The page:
Peter Alwast: Future Perfect

Peter Alwast mixes his mediums and metaphors. His work traverses drawing, painting, photography, installation, and computer animation. It incorporates the personal and the generic (family histories, political ideologies, psychoanalysis, poetry). Collapsing hygenic modernism into the romantic sublime, the mundane into the spectacular, his work can be mysterious, even confounding.

Art Exhibition previously on at IMA - Institute of Modern Art in Fortitude Valley precinct, Queensland, Australia.
From Saturday 20 August 2011 to Thursday 13 October 2011
Launch Saturday 20 August 2011, 5pm

Future Perfect image Future Perfect image

Published by Institute of Modern Art on Sunday 07 August 2011.
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As he says: ’I’m interested in combining systems of representation that never reconcile, that never create a stitched-up view of reality.’

Future Perfect opens at the IMA on Saturday 20 August at 5pm.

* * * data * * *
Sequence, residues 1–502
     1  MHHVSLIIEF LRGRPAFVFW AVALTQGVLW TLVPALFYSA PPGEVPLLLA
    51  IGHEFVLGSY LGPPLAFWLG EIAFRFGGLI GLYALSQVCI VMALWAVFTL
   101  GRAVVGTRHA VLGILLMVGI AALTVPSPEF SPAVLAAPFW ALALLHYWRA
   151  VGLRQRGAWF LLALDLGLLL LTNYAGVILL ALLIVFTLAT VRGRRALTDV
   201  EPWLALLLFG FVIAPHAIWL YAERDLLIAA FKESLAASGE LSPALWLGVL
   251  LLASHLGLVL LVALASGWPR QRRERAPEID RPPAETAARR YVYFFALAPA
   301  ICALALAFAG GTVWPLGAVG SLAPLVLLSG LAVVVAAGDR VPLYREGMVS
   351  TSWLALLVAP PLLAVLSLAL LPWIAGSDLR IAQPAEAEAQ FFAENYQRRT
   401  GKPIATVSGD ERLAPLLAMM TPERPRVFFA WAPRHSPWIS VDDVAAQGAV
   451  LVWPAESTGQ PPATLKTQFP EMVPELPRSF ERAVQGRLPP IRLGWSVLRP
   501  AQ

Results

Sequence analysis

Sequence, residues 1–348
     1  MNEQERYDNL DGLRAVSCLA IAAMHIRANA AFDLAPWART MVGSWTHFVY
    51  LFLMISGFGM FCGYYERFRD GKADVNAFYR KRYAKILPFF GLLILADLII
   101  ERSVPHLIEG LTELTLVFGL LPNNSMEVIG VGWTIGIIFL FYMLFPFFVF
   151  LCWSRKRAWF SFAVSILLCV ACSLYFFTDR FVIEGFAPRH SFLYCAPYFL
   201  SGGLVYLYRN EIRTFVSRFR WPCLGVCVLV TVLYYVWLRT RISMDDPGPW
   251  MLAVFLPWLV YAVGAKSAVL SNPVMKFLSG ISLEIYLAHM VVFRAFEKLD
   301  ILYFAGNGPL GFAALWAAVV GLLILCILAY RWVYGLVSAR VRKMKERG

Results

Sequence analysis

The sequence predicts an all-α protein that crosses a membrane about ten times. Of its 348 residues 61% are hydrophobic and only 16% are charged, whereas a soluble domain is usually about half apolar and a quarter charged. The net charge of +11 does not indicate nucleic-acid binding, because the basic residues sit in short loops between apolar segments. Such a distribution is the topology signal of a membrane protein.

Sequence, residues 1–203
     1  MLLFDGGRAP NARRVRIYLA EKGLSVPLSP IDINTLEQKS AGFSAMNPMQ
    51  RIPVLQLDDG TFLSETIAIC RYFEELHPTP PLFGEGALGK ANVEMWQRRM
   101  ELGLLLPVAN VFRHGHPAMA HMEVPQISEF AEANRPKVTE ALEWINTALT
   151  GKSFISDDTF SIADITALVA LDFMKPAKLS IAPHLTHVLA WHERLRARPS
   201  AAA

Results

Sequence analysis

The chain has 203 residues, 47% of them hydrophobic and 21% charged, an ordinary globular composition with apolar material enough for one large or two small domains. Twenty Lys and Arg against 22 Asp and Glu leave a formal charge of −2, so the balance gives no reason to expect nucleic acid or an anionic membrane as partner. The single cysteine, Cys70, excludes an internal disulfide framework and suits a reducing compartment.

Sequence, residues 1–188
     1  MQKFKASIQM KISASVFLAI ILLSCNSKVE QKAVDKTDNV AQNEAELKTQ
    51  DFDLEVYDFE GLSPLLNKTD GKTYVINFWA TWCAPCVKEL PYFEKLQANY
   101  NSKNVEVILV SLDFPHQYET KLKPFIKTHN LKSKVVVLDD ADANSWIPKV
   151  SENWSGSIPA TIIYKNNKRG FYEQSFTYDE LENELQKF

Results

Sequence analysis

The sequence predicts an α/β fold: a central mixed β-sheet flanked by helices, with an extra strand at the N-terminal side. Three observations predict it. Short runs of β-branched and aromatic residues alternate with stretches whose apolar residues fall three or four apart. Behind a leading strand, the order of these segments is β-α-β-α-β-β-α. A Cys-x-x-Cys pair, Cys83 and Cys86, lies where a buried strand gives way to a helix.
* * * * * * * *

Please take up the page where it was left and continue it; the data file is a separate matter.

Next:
The title of Alwast’s new project refers the way future and perfect tenses are combined when we say something ‘shall have’ happened. Uncannily, the future perfect implies looking back on something that hasn’t happened yet. Alwast’s title also suggests a deranged, inverted version of the utopian idea of a ‘perfect future’.

The show is mostly video. There are eight projections of looped computer animations. Many of these feature what look like representations of sculptures in gallery spaces, including gyrating interpenetrating discs, bouncing coloured coffins, and jostling cardboard cubes covered in drawings. In one video a man and a woman walk towards one another, but never get together. As loops, the videos suggest perpetual motion but also stasis; there is no conclusion or resolution. Everything may be moving, but we never get anywhere. Time is simultaneously passing and standing still.

The show also includes a photographic installation—a seascape. Two large photographs of the ocean lie on the floor. At their horizon lines, the prints curve up onto the walls, playing on the difference between a literal and a metaphorical ‘horizon’. On the same walls, Alwast has hung stylised colour-perspex shapes, disrupting, complicating, or reframing the photographic illusionism stretching out below.

Peter Alwast is represented by Gallery 9, Sydney. His project was supported by an Australia Council grant.